My Failed Zydeco Career

by Stephanie

Let’s imagine a completely hypothetical scenario wherein I dream of becoming the next great Rock ‘n Roll guitarist, like Slash from Guns & Roses (my love for that man has no limits). In this scenario, I buy myself a cheap guitar and start plucking away, trying to teach myself to play anything that remotely sounds like Sweet Child O’Mine. While I’m doing this, a friend of mine, a singer, starts raving about this Zydeco class he took. Zydeco, you ask? Yes, Zydeco, a small genre of music known for its Cajun roots and frequent use of the accordion.

“Steph, you HAVE to sign up for this Zydeco class. It’s amazing. It’s made me such a better singer!”

“Really, but I have no desire to play Zydeco.”

“Me neither, but trust me, you’ll get a lot out of it.”

Now this wasn’t just any regular Zydeco school. This school was started years ago by Zydeco legend Rockin Dopsie and it was known for launching countless successful Zydeco careers. Slightly hesitant, I sign up for Zydeco 101, and much to my surprise, I LOVED it! Not only did my guitar playing improve, but I found this new found love of performance that was completely unexpected. I immediately signed up for Zydeco 201, and started networking in the small underground community of Zydeco enthusiasts. Soon, relationships started building, and I decided to put together my very own practice band.  Out of this, The Pleathers was born.

After a few rehearsals, our chemistry was obvious, so I suggested that perhaps The Pleathers should consider taking our show out of the garage and in to the tiny underground Zydeco scene. Slowly but surely, we booked a few small gigs and started gaining momentum. The great thing about The Pleathers was that our chemistry worked so well on stage because it also worked well off-stage.  We were band-mates, but we were also good friends.  Two years went by, and a few of our founding members departed to pursue other ventures.  Meanwhile, most of the original members progressed through the higher levels of Zydeco classes with their heart set on super-stardom. For me, while Zydeco classes were fun, they were expensive, and only one piece of my artistic puzzle. Sure this formula worked great for Rockin’ Dopsie, and a handful of other performers, but Zydeco isn’t exactly a paint-by-numbers situation. A + B doesn’t necessarily equal platinum records (as if there was such a thing as a platinum selling Zydeco album).  We brought on a few new band members, and I could sense the dynamic was shifting. The Pleathers became focused strictly on climbing the ladder at Zydeco school, and that fact that I could not afford advanced courses and wasn’t convinced that I needed to enroll in class to be successful became a bigger point of contention. While I started considering that maybe I would be happier going back to my first love, Rock and Roll, I was highly invested in the success of The Pleathers and decided to stick around. Then came the email—The Pleathers secretly gathered together, decided that my lack of commitment to Zydeco school was too big of a hurdle, and voted me out. I had been Van Hagar’d out of my very own band. Yes, in my fantasy world, the only way I could cope with this massive rejection was to imagine that I was David Lee Roth in this scenario. I’m not sure what was worse in this situation—that I had been dumped, or that I had been dumped via email.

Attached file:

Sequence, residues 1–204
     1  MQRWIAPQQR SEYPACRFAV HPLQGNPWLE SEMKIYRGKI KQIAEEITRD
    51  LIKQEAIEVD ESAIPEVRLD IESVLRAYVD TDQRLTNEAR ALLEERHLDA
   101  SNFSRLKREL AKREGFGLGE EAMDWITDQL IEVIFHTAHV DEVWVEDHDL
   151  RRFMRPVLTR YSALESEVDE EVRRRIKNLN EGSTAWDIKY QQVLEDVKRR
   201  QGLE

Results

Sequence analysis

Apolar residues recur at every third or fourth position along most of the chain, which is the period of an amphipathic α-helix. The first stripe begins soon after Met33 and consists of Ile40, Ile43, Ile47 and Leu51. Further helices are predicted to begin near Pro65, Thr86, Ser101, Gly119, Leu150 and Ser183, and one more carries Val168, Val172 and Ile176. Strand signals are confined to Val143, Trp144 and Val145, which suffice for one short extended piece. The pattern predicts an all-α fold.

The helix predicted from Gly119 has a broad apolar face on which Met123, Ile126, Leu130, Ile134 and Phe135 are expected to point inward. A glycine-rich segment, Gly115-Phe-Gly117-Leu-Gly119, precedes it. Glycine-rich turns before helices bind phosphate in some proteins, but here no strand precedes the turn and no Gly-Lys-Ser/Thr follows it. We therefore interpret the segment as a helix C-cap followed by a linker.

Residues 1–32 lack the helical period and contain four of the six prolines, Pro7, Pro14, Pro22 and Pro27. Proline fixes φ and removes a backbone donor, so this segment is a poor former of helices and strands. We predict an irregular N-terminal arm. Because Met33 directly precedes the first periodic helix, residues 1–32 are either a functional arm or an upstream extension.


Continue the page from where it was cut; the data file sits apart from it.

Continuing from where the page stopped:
To say this was a huge blow to my heart and ego would be an understatement. Everything I had worked on for the past two years was obliterated with a single email. I was back at square one, and it took me months to learn the lessons I was meant to learn. Lessons including, but not limited to the following;

  1. I should never allow a group of people to determine my value as an artist or as a person. I should never allow my unique voice as an artist to be diminished.
  2. Supporting a team or group can be good and beneficial, but not if it begins to interfere in my individual personal and artistic development.
  3. Rejection is never the end. In fact, it’s usually just the beginning.

These are hard, painful lessons to learn. You see, after two years, I completely lost my voice as an artist. I certainly don’t regret my time as a member of The Pleathers, and I still very much love Zydeco, but I don’t think I would have been happy or fulfilled had I continued to climb someone else’s ladder. I’ve also realized how important it is to be truly supportive of each other in this community. For artists, we’re all in this crazy mixed-up game together, and there is room in it for all of us. I am so thankful for every friend who has come to one of my shows (especially the truly awful ones), or took the time to read a blog, or gave me a late-night pep talk. After a brief hiatus from all kinds of performance, I have recently stepped out trying my hand at solo performance. I am certainly no Slash, but I am 100% artistically myself, and I can’t ask for much more at the moment.

A month or so ago, I came across this blog from a local zydeco Improv coach, Kirk Damato, and it was like reading a hug (seriously, all you Zydeco nerds should be reading this if you aren’t already). After facing his own setbacks and rejection in the community, he realized how lucky and grateful he was to have the support of his friends and colleagues.  And then he posted this video, which I will leave with you today.

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